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Larchmont Manor Developer Appeals Moratorium

40 Ocean Ave., Larchmont
40 Ocean Ave., Larchmont

 

The developer that purchased the historic Larchmont Manor home that is at the center of a successful citizens’ campaign for a building moratorium now says he is being “unfairly targeted.”

More today in LoHud: 

The developer of a controversial project in Larchmont is challenging the village’s moratorium on demolition and subdivisions in residential neighborhoods. A recent moratorium also went into effect in the Town of Mamaroneck.

KOSL Building Group said the moratorium was “enacted to thwart” its proposed plans to tear down a home at 40 Ocean Ave. and build four new homes on the 1.57-acre property, according to an appeal filed on Feb. 3. The property was acquired through a private sale for $4.7 million, and the project doesn’t need a variance from the village. more 

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John Hodgson
John Hodgson
4 years ago

As I have said before, if people wanted to have houses jammed together, they should go and live in a city, not in the village of Larchmont. I have lived here for 40 years, and have been saddened by the rise of tear downs in recent years. It heartens me to see that many residents appear to share my viewpoint, and that we are trying to maintain the feel of our lovely village, and are trying to stop the building of these new houses, built all the same, but leaving out the character we had in the past.

Onlyme
Onlyme
4 years ago

Developers only goal is to make money, money, money. This they do by tearing down perfectly good houses to build ugly Mcmansions, or by cramming 4 houses into a lot that formerly held just one. The sad thing is that when these piggish developers (redundant, I know) scoop up these houses, often in cahoots with the real estate agents who sometimes don’t even put the houses on the open market, it keeps ordinary people who wouldn’t tear them down from ever having a chance to consider buying them. Greed. That’s all it is. I’m so glad Larchmont is trying to put a stop to it. Too bad Rye refuses to.

Antonio Anselmo
4 years ago

The actual trend to stop development that could damage our community was in full swing in 1999 when we opposed IKEA and the plans for a 300,000 square foot store. More importantly, the store was actually going to be built in New Rochelle, on the border of the Town of Mamaroneck. IKEA had already purchase about 60% of the property for the project. When the residents of 10538 get focused, tremendous talent is brought to bear on any problem. Alma and Memorial fields are good examples. As far as 40 Ocean is concerned, besides the immorality of knocking down a perfectly good home, the property is in complete harmony with it’s surroundings. The “lid has come” off and the community is rising to resist the “build to the lot line” trend.

Jeffrey Powers
Jeffrey Powers
4 years ago

Larchmont Village’s Moratorium’s “What When and Why” occurred because residents opposed overbuilding when they saw what was a trend that had been building for years over time with tear downs increasing and very severe issues with road and sewer work at an all time high last summer(and to this day) & another project had been the leading project irritating residents when I moved back to the Village last summer ’15 and 40 Ocean wasn’t even on the radar…with the monstrosity of an apartment building just getting ready for occupation on the other side of 95 near the village entrance people were irate as this was impacting traffic and roads —anger grew and late fall 40 Ocean wasn’t even owned by the developer when the large contingent went to Village Hall in November- and only by coincidence did the builder drop off his application off on Friday (3 business days earlier) so it is with humor they claim of being targeted its preposterous as their is no doubt in my mind one project (which wasn’t even on the calendar for a review) couldn’t by itself be the main reason for anything as it was “a way too late entry project” for Frank our inspector who on a small addition with “no variances” takes 2-3 months to calendar since 40 Ocean in its infinitesimal incomplete & embryonic stage (that had to be handed back as incomplete) didn’t made up the villagers minds “overnight” of more than 1000 residents who wanted a moratorium to enact sensible zoning laws to preserve the value of their properties and landmarks they rightly cherish. It’s a law instituted because residents had enough…certainly not because of one project. The only one who targeted 40 Ocean is KOSL who should have known the process and the risks as we all know without the permit your subject to changing laws- when I owned 20 Prospect and near finishing the law on runoff went into effect I had two choices 1. Not to knock down a garage & build a new driveway or 2. Double my cost and do it the villages way. At the time I felt it unfair but I decided to do it and have less -spending much more money. The law isn’t about fairness it’s about rules and dates- and being uniformly applied. It’s time to focus on the creation of new zoning laws & move away from disputing fact, bending rules & omitting facts while creating disingenuous talking points. This obviates what a great neighbor I have…hopefully what’s done might keep other great developers from moving here too as this is about the future certainly not one project.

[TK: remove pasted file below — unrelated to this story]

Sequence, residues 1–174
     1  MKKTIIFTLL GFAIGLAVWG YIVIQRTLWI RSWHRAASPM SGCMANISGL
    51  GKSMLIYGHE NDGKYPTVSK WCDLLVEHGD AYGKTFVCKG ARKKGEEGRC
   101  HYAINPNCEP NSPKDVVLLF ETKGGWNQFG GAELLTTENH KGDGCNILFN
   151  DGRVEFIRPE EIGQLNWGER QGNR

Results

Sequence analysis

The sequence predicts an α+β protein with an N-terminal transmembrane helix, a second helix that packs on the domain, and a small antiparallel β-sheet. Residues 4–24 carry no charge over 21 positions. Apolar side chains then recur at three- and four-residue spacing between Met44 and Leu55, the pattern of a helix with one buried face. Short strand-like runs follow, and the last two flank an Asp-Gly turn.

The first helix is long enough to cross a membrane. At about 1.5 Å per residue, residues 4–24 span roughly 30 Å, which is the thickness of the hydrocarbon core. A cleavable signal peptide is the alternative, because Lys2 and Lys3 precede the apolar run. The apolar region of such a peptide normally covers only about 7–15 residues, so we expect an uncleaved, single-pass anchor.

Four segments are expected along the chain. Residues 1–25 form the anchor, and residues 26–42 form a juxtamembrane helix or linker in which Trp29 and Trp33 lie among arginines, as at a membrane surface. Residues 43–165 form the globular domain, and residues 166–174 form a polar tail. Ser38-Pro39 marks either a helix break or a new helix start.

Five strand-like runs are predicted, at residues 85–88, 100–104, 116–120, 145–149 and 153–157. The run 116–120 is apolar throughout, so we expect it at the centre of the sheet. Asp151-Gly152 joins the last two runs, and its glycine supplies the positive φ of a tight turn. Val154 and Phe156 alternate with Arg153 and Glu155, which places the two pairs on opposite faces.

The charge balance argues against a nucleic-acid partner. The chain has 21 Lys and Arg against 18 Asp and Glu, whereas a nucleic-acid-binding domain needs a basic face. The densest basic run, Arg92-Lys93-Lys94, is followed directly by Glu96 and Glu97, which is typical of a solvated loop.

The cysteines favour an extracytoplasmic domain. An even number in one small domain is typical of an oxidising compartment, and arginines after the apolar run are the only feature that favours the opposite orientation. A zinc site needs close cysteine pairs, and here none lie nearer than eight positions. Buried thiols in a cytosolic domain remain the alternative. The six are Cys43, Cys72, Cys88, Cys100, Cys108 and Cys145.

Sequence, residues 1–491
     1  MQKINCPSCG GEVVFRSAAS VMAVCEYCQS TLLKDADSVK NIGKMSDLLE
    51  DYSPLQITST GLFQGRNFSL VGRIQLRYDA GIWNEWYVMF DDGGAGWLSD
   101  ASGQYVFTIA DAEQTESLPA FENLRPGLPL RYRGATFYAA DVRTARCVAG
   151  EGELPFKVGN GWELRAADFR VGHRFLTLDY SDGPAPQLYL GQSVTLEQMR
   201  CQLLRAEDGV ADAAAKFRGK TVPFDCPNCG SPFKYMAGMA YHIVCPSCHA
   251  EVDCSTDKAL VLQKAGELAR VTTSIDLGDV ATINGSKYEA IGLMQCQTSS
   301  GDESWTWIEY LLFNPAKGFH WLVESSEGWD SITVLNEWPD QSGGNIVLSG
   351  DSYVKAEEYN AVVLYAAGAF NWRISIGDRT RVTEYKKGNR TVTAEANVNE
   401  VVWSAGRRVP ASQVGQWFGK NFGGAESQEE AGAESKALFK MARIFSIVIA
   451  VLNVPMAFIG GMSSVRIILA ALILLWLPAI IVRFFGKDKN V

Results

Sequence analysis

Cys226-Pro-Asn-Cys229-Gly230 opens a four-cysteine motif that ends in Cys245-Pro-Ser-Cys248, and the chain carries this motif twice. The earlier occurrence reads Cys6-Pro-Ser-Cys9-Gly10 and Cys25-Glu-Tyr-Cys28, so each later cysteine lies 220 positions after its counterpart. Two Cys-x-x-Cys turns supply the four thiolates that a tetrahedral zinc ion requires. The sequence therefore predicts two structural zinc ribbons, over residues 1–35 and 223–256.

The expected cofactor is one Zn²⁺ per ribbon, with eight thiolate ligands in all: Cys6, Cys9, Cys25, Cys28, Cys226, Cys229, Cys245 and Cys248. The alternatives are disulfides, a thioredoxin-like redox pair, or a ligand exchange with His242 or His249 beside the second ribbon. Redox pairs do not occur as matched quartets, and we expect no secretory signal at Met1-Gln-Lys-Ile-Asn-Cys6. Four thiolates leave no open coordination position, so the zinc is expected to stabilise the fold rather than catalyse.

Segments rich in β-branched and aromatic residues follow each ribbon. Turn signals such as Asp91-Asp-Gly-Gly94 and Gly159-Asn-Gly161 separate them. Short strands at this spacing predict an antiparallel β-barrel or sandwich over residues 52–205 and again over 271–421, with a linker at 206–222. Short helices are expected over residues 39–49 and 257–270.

theLoop
Admin
4 years ago
Reply to  Jeffrey Powers

Thanks for your comment. Yes, this was definitely the culmination of many years of frustration by residents, and it was the potential demise of the property on Ocean Avenue that brought it to City Hall and the moratorium.

job
job
4 years ago

Did the mayor know this was going to happen ??

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